Philosophical Latin Phrases
Starting with phrase number 76

  1. Latrant et scitis estatint praetesquitantes estis - They bark, so you know that you are in front of them (Philosophical term - A successful person does not look back, and only seeks his goal. However, enemies will follow him and say bad things, acting like barking dogs)
  2. Lenticulae similis est, agat aut desistat - It's like lentils, take it or leave it (Philosophical Term)
  3. Magister dixit - The teacher said it (Philosophical term - Fallacy that considers something is true, just because the teacher said it. It is another form of Argumentum ad verecundiam )
  4. Maior sum quam qui mancipium sim corporis mei - I'm too big to be a slave of my body (Philosophical term put forward as the antithesis of the old Socratic thesis that said: The body is the prison of the soul.) )
  5. Malum sed mulliere, sed necessarium malum - Women are evil, a necessary evil (Philosophical Term)
  6. Memento vivere - Remember that you are alive (Philosophical term)
  7. Modus ponendo ponens / Modus ponens - Mode that affirms by affirming (Philosophical term - Way of logical deduction: the union of two premises such as "If it rains, we will go to the beach" and "It rains". By combining these two by Modus Ponens, it can be concluded that: "We will go to the beach")
  8. Modus ponendo tollens - Mode which affirms by denying (Philosophical term)
  9. Modus tollendo ponens - Mode which denies by affirming (Philosophical term)
  10. Modus tollendo tollens - Mode which denies by denying (Philosophical term)
  11. Munus palpandus oios videndus - Touching with hands and seeing with eyes (Philosophical term - Expression of St. Thomas - when Christ was resurrected he was not present. When Jesus later appeared, St. Thomas said he did not believe he resurrected unless he puts his fingers in Jesus' wound)
  12. Namque pauci libertatem, pars magna iustos dominos volunt - Few men desire freedom, the greater part desire just masters (Philosophical term - Gaius Sallustius Crispus)
  13. Natura duce, errare nullo pacto potest - When nature guides us, there is no way to make a mistake (Philosophical term - The goodness of nature)
  14. Navita de ventis, de tauris narrat arator, enumerat miles vulnera, pastor ovis - The sailor speaks of winds, the plowman of bulls, the soldier counts his wounds, the shepherd his sheep. (Philosophical Term - Propertius, 2.1.43-44)
  15. Nequaquam vacui - No way, emptiness (Philosophical term -. Similar to "Horror vacui", horror of emptiness, this reference is mainly used in architecture, although some argue that it is a Masonic or Rosicrucian principle, where nature tends to fill empty spaces)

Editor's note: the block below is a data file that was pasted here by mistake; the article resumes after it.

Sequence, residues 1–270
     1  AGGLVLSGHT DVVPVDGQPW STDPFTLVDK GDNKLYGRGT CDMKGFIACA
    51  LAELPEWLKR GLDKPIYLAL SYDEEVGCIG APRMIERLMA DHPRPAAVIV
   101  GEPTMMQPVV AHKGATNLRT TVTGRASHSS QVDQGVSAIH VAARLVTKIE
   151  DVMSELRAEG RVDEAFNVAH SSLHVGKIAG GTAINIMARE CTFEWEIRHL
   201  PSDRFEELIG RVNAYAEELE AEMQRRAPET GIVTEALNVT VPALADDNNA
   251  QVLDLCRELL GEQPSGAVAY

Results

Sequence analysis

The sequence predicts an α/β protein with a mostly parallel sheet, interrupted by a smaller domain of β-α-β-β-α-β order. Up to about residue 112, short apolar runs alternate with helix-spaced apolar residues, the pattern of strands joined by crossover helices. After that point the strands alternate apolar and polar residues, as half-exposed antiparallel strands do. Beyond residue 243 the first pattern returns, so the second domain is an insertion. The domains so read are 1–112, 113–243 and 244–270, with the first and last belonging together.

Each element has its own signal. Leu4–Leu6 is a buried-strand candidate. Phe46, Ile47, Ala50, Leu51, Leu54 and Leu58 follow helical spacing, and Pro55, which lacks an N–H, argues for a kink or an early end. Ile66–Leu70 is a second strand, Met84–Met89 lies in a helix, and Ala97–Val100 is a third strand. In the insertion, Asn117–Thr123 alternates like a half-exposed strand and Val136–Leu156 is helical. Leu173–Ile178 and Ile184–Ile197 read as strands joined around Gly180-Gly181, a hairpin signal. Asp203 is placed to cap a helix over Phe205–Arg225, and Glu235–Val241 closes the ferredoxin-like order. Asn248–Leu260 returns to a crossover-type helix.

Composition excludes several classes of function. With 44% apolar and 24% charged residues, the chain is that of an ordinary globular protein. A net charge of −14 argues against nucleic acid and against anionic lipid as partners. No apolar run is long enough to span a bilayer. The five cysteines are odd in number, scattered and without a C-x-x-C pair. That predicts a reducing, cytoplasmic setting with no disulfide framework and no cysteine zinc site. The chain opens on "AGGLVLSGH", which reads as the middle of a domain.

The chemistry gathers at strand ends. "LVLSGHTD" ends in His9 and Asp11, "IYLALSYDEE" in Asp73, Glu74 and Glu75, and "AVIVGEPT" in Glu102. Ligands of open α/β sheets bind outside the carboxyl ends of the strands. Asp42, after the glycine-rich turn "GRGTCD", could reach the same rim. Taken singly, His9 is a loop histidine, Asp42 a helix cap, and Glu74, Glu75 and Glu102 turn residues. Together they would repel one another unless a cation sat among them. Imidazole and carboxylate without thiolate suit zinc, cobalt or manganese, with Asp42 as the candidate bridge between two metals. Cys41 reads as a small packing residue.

16. Nihil est in intellectu quod prius non fuerit in sensu - There is nothing in the intellect without first passing through the senses (Philosophical term - you cannot grasp a concept without the assistance of the experience)
  17. Nihil est sine ratione - Nothing without reason (Philosophical term - Leibniz - There is a reason for everything, all can be explained)
  18. Nihil tam absurdum, quod non dictum sit ab aliquo philosophorum (There is nothing so absurd as not to have been said by some philosopher (Philosophical term - Cícero)
  19. Non sequitur - Not following (Philosophical term used in logic - Arguments do not lead to the conclusion)
  20. Non sunt multiplicanda entia sine necessitate - We must not multiply things without a need (Philosophical term - William of Ockham, 1280-1349 - The simplest solution is probably the correct one - One of the principles in Ockham's Razor)
  21. O mihi praeteritos referat si Iuppiter annos - If only Jupiter could restore those lost years (Philosophical term - Virgil, poet)
  22. O miserum te si intelligis, miserum si no intelligis! - ¡Oh miserable you, if you understand and also if you don't understand! (Philosophical term - Paradoxical proverb commonly expressed by the metaphysical thinkers of Rome, which spent much on trying to resolve problems and also to explain them, once they understood them)
  23. Omne quod movetur ab alio movetur - Everything that moves is moved by something else (Philosophical term - Principle of the theory of motion and causation, of St. Thomas Aquinas)
  24. Omnes volumus plus. Et plus, et plus et plurimus - We all want more. And more, and more and much more (Philosophical term - Human insatiability: "The more you have, the more you want”)
  25. Omnia cella o cella - Every living organism comes from another (Philosophical term - there is no spontaneous life)

Total: 143
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